Amazing Grace. By Mary Hoffman. Illustrated by Caroline

Children’s Books that Break
Gender Role Stereotypes
Amazing Grace. By Mary Hoffman. Illustrated by Caroline
Binch. 1991. New York: Dial Books for Young Readers.
Grace loves to act out stories. She eventually overcomes
restrictions of gender and race to play the part of her
dreams, Peter Pan, in the school play.
Anna Banana and Me. By
Lenore Blegvad. Illustrated by Erik Blegvad.
[1987] 1999. New York:
Aladdin. Distributed by
Econo-Clad Books.
Anna Banana is a fearless young girl. When she
plays with a timid boy, he
eventually becomes as
brave as his friend.
The Art Lesson. Written and illustrated by Tomie DePaola.
1999. New York: Putnam. Distributed by Econo-Clad Books.
Tommy loves to draw but feels constrained in art class.
A new teacher finally strikes a compromise to allow for
Tommy’s creativity.
Boy,, Can He Dance! By Eileen Spinelli. Illustrated by Paul
Yalowitz. 1993. New York: Four Winds.
Tony doesn’t want to become a chef like his father. Instead, he wants to dance.
Lisen C. Roberts, Ph.D., is an assistant professor of counseling
and birth–kindergarten education at Western Carolina University in
Cullowhee, North Carolina.
Heather T
T.. Hill, M.A.Ed., is a child abuse prevention educator in
Asheville, North Carolina. Both educators enjoy teaching about and
presenting workshops on gender equity.
This list is from their “Come and Listen to a Story about a Girl
Named Rex: Using Children’s Literature to Debunk Gender
Stereotypes,” in the March issue of Young Children.
Illustration © Diane Greenseid
Lisen C. Roberts and Heather T. Hill
The Chalk Box Kid. By Clyde Bulla. Illustrated by Thomas B.
Allen. 1987. New York: Random House.
Gregory does not have anywhere to grow a garden, so he
creates one of his own.
Christina Katerina and the Box. By Patricia Lee Gauch. Illustrated by Doris Burn. 1998. New York: PaperStar/Putnam’s
An innovative young girl finds a number of uses for a
large box.
Ira Sleeps Over
Over.. Written and illustrated by Bernard Waber.
1973. Boston: Houghton Mifflin.
When Ira is invited to sleep over at Reggie’s house, he
must decide whether to take his beloved teddy bear. In the
end, he learns that it is acceptable for boys to have teddy
Little Granny Quarterback. By Bill Martin Jr. and Michael
Sampson. Illustrated by Michael Chesworth. 2001. Honesdale, PA: Boyds Mills Press.
Granny, who was a star quarterback in her youth, leaps
into her television to assist her favorite team with the
winning touchdown.
Mama and Me and the Model T
T.. By Faye Gibbons. Illustrated
by Ted Rand. 1999. New York: Morrow Junior Books/HarperCollins.
When the Model T arrives, Mama proves that she, like the
men, can drive.
Mermaid Janine. By Iolette Thomas. Illustrated by Jennifer
Northway. 1993. New York: Scholastic Trade.
Janine takes swimming lessons and becomes determined
to swim the length of the pool. With practice and attention
to her body’s strength, she finally does.
Mirette on the High W
ire. Written and illustrated by Emily
McCully. 1992. New York: Putnam Group Juvenile.
Mirette learns to walk the tight rope, taught by Monsieur
Bellini, who himself has withdrawn from the performance
due to fear.
More Than Anything Else. By Marie Bradby. Illustrated by
Chris K. Soent-piet. 1995. New York: Orchard Books..
This story is based on the childhood of Booker T. Washington, a boy who wants more than anything else to learn
how to read.
s Fish. By Nancy
Luenn. Illustrated by Neil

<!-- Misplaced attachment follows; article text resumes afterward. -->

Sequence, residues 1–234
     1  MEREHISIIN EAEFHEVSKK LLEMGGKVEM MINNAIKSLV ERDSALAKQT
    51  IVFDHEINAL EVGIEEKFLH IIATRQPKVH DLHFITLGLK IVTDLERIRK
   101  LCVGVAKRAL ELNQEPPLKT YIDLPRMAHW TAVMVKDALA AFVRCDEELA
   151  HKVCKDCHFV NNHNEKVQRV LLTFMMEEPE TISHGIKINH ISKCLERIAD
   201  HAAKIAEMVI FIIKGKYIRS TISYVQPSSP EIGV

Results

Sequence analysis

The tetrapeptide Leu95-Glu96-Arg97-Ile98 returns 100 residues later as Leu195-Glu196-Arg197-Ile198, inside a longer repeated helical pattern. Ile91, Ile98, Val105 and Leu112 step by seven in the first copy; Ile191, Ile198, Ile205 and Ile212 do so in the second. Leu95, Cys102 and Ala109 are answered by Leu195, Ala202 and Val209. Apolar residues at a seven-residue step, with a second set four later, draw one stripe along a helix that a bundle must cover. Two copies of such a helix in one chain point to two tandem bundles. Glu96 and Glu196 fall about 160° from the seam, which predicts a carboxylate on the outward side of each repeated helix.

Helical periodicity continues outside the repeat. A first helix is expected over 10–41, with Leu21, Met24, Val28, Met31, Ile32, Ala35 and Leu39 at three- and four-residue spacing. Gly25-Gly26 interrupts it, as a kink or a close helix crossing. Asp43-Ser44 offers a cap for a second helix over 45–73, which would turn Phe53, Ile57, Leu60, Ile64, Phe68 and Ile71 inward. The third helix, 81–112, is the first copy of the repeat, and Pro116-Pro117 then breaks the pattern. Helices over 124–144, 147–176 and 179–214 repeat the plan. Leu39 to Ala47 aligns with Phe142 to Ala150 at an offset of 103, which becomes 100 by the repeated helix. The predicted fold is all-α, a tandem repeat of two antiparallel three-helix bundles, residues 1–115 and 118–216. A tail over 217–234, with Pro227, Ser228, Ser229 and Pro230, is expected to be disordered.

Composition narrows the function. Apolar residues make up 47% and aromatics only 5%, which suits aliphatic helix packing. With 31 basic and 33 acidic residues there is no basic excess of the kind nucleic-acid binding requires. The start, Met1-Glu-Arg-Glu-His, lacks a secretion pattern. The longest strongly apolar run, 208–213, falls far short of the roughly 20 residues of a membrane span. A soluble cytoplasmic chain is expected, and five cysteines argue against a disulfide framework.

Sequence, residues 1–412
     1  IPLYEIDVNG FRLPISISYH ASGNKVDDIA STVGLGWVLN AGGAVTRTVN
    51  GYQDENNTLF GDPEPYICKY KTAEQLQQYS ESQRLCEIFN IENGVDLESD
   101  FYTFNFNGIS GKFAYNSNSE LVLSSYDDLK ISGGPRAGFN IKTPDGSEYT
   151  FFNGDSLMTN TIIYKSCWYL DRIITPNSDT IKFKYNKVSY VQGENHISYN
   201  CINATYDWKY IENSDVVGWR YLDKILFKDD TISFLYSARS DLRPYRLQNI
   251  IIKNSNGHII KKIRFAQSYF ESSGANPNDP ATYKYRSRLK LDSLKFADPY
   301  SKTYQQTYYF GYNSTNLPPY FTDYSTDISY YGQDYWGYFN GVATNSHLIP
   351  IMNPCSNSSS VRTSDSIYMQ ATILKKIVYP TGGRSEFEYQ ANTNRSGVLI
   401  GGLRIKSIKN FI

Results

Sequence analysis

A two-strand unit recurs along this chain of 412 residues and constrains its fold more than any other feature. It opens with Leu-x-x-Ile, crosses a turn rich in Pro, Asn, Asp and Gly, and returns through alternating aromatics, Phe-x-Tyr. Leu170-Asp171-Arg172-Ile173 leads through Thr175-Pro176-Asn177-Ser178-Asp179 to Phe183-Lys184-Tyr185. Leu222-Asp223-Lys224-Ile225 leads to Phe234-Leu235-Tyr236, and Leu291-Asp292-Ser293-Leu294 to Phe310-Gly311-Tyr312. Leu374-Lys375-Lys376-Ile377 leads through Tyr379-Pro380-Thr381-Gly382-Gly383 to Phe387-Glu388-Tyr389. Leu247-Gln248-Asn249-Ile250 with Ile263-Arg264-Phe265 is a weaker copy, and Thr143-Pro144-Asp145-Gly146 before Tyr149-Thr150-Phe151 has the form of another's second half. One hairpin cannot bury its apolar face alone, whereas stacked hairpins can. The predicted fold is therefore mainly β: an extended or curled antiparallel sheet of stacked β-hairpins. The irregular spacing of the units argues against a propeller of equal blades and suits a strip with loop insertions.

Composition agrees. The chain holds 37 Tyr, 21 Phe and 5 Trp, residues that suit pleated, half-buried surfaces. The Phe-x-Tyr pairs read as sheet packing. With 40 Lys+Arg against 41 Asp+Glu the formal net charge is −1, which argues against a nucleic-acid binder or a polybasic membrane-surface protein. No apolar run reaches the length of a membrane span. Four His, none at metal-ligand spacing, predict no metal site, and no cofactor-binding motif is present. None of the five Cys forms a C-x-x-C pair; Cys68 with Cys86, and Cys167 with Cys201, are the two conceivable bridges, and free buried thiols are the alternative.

Waldman. 1999. EconoClad Books.
When Nessa’s grandmother becomes ill on a
fishing excursion, Nessa
defends her and their
catch against wild
The Paper Bag Princess.
By Robert Munsch. Illustrated by Michael Martchenko. 1988. Annick Press. Distributed by Perfection Learning Corp., Des Moines, IA.
Princess Elizabeth rescues her prince from a firebreathing dragon. When he doesn’t appreciate her efforts, she decides not to marry him
after all.
Pinky and Rex and the Bully
Bully.. By James Howe.
Illustrated by Melissa Sweet. 1996. The Pinky
and Rex series. New York: Atheneum.
A boy who loves the color pink defends
himself and his choice for a best friend, a girl
who loves dinosaurs.
Sam Johnson and the Blue Ribbon Quilt. Written and illustrated by Lisa Campbell Ernst.
1983. William Morrow/HarperCollins.
Sam isn’t welcome in the women’s quilting
club, so he organizes a men’s quilting group.
Eventually the men and women join to make a quilt
The Story of Ferdinand. By Munro Leaf. Illustrated by Robert
Lawson. 1936. New York: Viking.
This classic about the value of peace presents
Ferdinand, a young bull who prefers smelling flowers to
butting heads.
s Cat. By Mary Calhoun. Illustrated by Edward Martinez.
1996. New York: Morrow Junior Books/HarperCollins.
Tonio is new in town and wants to make friends. At the
risk of making himself an outcast, he defends Toughy, a
stray cat, against the other kids.
Tough Boris. By Mem Fox. Illustrated by Kathryn Brown. 1994.
San Diego: Harcourt Brace.
Boris is tough, but in the end when his parrot companion dies, he—like all pirates—cries.
When Sophie Gets Angry
Angry,, Really
Really,, Really Angry
Angry.. Written and
illustrated by Molly Bang. 1999. New York: Scholastic Trade.
Sophie gets angry and deals with her strong feelings by
climbing trees.
Will I Have a Friend? By Miriam Cohen. Illustrated by Lillian
Hoban. 1989. New York: Aladdin. Distributed by Econo-Clad
Jim worries about the first day of school until he connects
with another boy.
White Dynamite and Curly Kidd. By Bill Martin Jr.
and John Archam-bault. Illustrated by Ted Rand.
1996. New York: Henry Holt.
A child excitedly watches Dad ride the rodeo
bull and wants to grow up to be a bull rider like
him. The twist is that she’s a girl.
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